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The Romantic Misfortunes of Marvel’s Most Lovelorn Physicist

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Written by Robert Wallis

Wherever you’re spending this Valentine’s Day, whether with a loved one or alone in front of the telly, spare a moment of thought for poor Bruce Banner AKA The Hulk.

The Hulk was born when Bruce Banner risked his life to protect a teenager who had wandered onto the testing field of a gamma bomb Bruce had invented. Unlike Spiderman and Batman, almost every other hero apart from Daredevil, Bruce Banner’s powers stem not from random accident but deliberate self-sacrifice. Unlike Daredevil, Bruce’s powers, if they can even be called such, a more a curse than blessing. Now every time he gets angry, the classically mild-mannered Bruce transforms into a raging green monstrosity, the physical incarnation of unbounded rage.

He even tore apart his own wedding, which must have been emotionally messy, not to mention the catering. To make matters worse, while many guys have tension with their spouse’s parents. Not everybody, though, has General “Thunderbolt” Ross for a father-in-law, a military legend with almost limitless resources hell-bent on tracking down and destroying your alter ego. That’s gotta make family holidays awkward.

Not that Bruce gets to have family holidays: when Betty dies of radiation poisonings, Bruce blames himself, believing it was exposure to his Hulk persona that caused her death. Who else in the whole superhero canon has been led to believe that literally just being with them led to the agonizing death of their soul mate?

When you think of tragic comic book romances, you think of Spiderman and Gwen Stacey, Cyclops and Jean Grey, but, lest we forget, Spiderman married MJ, Cyclops hooked up with Emma Frost – they moved on. Bruce Banner and the love of his life, Betty Ross, tend to fall by the wayside, despite being perhaps the most star-crossed of them all. Though The Hulk’s nemeses, Abomination, is later discovered to have been responsible, Bruce never truly recovers and the incident cuts straight to the heart of what makes Bruce such a tragic figure.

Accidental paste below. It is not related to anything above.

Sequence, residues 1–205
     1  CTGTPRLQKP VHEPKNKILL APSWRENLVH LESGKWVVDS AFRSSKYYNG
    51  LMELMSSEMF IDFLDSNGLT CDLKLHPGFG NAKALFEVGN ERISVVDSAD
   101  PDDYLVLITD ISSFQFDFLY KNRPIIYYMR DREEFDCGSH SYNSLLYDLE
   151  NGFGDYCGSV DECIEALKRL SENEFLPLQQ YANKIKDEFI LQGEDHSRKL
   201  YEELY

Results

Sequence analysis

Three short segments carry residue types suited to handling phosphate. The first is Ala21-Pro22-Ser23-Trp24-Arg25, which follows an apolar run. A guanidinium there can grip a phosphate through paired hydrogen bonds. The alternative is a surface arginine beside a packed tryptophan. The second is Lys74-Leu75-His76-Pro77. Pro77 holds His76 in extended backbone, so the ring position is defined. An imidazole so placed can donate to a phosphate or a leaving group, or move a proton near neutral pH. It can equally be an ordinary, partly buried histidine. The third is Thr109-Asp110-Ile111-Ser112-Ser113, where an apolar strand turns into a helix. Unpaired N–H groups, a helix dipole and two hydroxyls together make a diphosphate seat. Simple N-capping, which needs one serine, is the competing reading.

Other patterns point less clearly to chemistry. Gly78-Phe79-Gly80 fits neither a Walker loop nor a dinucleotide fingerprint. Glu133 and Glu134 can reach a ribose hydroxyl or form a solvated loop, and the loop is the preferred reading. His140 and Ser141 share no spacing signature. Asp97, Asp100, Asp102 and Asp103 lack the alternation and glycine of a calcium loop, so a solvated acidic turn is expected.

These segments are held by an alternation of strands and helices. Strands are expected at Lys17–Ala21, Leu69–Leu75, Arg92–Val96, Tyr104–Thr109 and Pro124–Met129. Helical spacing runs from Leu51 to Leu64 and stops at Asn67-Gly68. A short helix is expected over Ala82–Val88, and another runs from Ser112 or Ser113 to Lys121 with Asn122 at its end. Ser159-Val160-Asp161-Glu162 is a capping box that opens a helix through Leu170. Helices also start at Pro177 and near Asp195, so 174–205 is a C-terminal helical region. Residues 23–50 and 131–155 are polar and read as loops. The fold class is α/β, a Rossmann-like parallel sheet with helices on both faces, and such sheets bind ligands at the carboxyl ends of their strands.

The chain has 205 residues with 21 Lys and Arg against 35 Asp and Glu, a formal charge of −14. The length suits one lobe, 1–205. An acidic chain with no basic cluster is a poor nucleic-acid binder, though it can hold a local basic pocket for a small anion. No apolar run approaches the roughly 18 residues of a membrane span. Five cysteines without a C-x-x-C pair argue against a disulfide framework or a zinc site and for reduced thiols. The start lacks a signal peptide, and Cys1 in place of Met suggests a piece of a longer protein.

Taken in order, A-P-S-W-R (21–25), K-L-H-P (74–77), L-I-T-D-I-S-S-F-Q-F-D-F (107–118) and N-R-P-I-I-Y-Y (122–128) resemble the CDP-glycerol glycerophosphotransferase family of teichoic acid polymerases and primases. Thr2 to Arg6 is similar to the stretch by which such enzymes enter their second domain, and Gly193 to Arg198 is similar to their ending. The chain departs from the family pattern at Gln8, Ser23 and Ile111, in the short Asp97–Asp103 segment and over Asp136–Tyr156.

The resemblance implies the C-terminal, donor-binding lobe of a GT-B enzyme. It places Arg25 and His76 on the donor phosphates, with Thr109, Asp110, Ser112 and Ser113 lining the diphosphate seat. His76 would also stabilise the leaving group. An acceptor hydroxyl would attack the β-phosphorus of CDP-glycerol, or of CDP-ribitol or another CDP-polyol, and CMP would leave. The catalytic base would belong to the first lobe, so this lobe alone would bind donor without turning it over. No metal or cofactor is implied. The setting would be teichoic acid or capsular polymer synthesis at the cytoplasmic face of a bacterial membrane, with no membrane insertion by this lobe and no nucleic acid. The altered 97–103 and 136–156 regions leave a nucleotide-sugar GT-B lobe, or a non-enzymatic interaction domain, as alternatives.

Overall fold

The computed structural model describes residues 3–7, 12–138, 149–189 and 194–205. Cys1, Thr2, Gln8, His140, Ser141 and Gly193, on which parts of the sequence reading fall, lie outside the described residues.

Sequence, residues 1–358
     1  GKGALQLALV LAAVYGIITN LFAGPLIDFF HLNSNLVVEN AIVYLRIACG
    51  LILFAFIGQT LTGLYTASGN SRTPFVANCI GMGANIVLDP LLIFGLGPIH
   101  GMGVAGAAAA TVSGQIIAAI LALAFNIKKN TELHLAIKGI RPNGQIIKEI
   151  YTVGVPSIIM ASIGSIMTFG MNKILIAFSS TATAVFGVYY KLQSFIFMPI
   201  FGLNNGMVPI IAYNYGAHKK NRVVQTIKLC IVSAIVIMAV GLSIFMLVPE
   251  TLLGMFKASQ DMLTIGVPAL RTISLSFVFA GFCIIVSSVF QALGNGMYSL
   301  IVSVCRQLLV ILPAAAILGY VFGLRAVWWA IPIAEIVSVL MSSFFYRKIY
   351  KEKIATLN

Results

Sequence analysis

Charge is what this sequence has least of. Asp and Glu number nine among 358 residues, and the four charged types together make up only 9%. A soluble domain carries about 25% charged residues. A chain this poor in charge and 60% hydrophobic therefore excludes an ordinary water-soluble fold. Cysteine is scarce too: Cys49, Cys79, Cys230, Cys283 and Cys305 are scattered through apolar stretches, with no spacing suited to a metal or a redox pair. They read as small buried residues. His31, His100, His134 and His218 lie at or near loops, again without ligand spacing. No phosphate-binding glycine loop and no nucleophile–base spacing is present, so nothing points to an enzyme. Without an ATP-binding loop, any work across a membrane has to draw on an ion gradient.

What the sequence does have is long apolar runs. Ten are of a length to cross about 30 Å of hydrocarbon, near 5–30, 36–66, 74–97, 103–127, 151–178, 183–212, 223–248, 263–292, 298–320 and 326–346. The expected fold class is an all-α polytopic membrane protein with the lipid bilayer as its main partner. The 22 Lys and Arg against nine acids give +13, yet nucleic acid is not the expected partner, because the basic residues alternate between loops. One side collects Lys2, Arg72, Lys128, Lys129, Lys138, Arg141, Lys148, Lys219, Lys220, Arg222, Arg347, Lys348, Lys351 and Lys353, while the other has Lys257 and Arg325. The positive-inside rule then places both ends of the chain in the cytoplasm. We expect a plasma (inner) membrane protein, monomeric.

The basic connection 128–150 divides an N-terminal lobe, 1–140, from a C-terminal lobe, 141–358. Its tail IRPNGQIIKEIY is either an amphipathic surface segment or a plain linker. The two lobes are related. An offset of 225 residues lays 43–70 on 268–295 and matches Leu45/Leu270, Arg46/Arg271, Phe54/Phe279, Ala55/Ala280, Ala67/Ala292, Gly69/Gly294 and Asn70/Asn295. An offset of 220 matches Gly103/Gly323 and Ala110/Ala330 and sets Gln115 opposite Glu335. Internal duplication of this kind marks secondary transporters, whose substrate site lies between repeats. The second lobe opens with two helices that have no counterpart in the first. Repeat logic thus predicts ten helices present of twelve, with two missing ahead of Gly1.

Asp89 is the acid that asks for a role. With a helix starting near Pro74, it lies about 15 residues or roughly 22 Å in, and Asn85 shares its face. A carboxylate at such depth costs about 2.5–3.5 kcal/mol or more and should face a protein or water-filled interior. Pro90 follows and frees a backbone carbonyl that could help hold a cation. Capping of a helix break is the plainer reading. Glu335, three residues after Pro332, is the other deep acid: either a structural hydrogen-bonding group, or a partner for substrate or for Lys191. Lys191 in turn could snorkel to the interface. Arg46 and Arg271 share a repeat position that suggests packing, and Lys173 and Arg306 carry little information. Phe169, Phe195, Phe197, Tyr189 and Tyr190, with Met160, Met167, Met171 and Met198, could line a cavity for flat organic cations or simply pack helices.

In The Avengers , Natasha Romanoff is sent by The Avengers Initiative to recruit The Hulk. She finds Bruce hiding out in a Calcutta slum where not only is he keeping a low profile but helping the poor – Bruce is lured into a trap under the pretense of treating a dying father. And that’s what’s heartbreaking: Bruce is a good guy, a great guy, perhaps the best, most selfless figure in the whole MCU, which is saying something

He’s got Tony Stark’s altruism without his ego, Steve Roger’s morality without his self-righteous, and The Hulk could thrash Thor in a fistfight yet Bruce keeps struggling everyday to suppress his Id for the sake of those around him. Abused by an alcoholic father who murdered Bruce’s mother and mutated his genes, pursued by the forces of good and evil alike, feared, hated, and at one point shot into space. He’s always angry and yet you’d never know.

If anyone deserves to be with someone on Valentine’s Day, if anyone deserves a little happiness, it’s Bruce Banner, and yet he remains God’s lonely man. So, please, dear reader, join me in raising a solitary drink to Bruce Banner, lover, fighter, nuclear physicist, a brave and decent man.

About the author

Robert Wallis

You can also read Rob's work at www.ofallthefilmblogs.blogspot.com.